CFP: Dreams and Dreaming: African Perspectives

Submission deadline: October 17, 2018

Conference date(s):
October 24, 2018

Go to the conference's page

Conference Venue:

Department of Philosophy and Religious Studies, University of Nairobi
Nairobi, Kenya

Topic areas


Dreams and Dreaming: African Perspectives

The Department of Philosophy at the University of York, UK, in partnership with the Department of Philosophy and Religious Studies at the University of Nairobi, Kenya, are holding a one-day conference on "Dreams and Dreaming: African Perspectives".

Conference Date: Wednesday 24th October 2018

New Deadline for Submissions: 17th October 2018

Time: 09:00 to 17:00 

Venue: Main Campus, University of Nairobi 

Call for Papers

Scholars are invited to send paper abstracts not exceeding three hundred (300) words on any or several of the following questions with an African orientation to Prof Tom Stoneham (, to reach him by 24th September 2018.

  • What are dreams?
  • What causes us to dream?
  • Why are dreams so strange?
  • Do dreams have a function?
  • What can we learn from someone’s dreams?

Conference Focus

According to the standard model of dreaming, while we are in deep sleep we undergo long and complex sequences of vivid quasi-perceptual experiences, which have a loose and often incoherent narrative structure, often with impossible events occurring, and which cause strong, predominantly negative, emotional reactions. Upon waking we sometimes recall these, though our memory is patchy. Some people report much richer and more distinctive dreams than others, others (very few) claim never to dream. 

The familiarity of waking up from a dream and recalling (some of) the details causes us to overlook quite how puzzling and sui generis this psychological phenomenon is. 

Some examples should make this puzzle clearer: 
While the phenomenon of waking up from a dream feels to the subject like remembering a conscious experience they had during sleep, it is not at all like memory or waking conscious experience. (Try to remember what you had for dinner two days ago and now try to remember what you dreamed two days ago: it is likely that you will only succeed in the second task if you kept a dream diary or had a special dream you told someone about.) Furthermore, working on this assumption that dream recall is recollection, some researchers have claimed that we instantly forget more than 80% of our dreams. Why should we think those forgotten nocturnal events were conscious experiences in the first place?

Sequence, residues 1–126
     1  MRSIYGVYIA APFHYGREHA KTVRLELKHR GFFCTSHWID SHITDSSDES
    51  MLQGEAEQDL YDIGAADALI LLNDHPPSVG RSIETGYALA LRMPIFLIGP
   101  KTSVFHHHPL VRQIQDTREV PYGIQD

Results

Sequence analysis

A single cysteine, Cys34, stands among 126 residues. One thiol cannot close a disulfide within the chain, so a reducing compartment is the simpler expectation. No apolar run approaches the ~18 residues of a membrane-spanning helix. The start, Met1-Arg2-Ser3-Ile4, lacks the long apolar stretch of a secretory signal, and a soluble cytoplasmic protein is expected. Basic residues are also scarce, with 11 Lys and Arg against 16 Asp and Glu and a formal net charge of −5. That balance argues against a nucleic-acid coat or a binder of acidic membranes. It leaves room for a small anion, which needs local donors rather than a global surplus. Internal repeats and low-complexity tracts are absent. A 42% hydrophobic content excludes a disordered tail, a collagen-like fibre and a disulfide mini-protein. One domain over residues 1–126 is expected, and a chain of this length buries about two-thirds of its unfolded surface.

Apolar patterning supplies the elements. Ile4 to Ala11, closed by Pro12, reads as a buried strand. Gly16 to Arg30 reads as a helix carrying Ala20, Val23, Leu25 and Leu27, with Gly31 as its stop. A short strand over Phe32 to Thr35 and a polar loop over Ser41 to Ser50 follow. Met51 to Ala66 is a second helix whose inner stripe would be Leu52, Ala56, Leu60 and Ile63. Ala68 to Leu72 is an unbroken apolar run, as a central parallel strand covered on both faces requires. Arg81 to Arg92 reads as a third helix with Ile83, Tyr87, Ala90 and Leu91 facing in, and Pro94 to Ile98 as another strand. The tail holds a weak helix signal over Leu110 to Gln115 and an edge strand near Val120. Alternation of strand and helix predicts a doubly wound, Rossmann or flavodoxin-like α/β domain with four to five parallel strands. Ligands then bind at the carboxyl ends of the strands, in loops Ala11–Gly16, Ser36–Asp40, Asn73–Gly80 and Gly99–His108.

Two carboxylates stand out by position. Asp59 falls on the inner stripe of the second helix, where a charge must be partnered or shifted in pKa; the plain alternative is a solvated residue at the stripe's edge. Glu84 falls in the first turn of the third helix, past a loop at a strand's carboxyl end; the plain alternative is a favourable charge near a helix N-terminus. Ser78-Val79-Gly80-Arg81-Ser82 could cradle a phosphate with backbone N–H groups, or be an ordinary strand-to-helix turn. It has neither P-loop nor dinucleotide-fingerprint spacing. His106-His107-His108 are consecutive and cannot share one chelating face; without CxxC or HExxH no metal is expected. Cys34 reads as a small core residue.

Most cultures have a tradition that eating certain foods will give you bad dreams. In some cultures it is cheese (and in others beans or cabbage): but we know that cheese is not psycho-active when we are awake, so why are we not puzzled by its being psycho-active in sleep? And why are there so few traditions of foods giving us good dreams (rather than dreamless sleep).

Many of the characteristic features of dreams seem to be culturally specific. While Freud thought he had discovered oedipal dreams, the relative prevalence of such dream reports in the 20th century compared to earlier times suggests that he had actually caused them by creating explanations of what dreams might be like. Besides, in cultures where dreams are believed to embody spiritual communication, people are often visited in dreams, whereas in other cultures we may dream of dead or absent people without being visited by them. 

Equally the meaning of dreams is culturally variable. Many cultures have a tradition that dreams can connect the dreamer to a spiritual realm, the recently deceased, non-human spirits, or even the divine. This is often encouraged by religious or spiritual teachings and connected to the potential for dreams to foretell the future or warn the dreamer of impending dangers. This raises an interesting epistemological question: Could dreams ever be evidence for a spiritual realm, or does this interpretation of dreams presuppose the acceptance of such a realm? (Perhaps the having of such dreams presupposes the belief in the spiritual by the dreamer?) Famous and trivial examples of dreams coming true abound, but we risk confirmation bias here because they are massively outnumbered by dreams that did not come true. 

In contrast, the relentless drive of individualism and the cult of self in western culture over the last 200 years has led to a very different interpretation of dreams: they reveal your hidden self, your real personality. This is a dangerous idea, exacerbating the mental health problems of people with PTSD and complex trauma who suffer nightmares and other parasomnias, but also a peculiarly culturally local one with surprisingly little evidence to back it up. 


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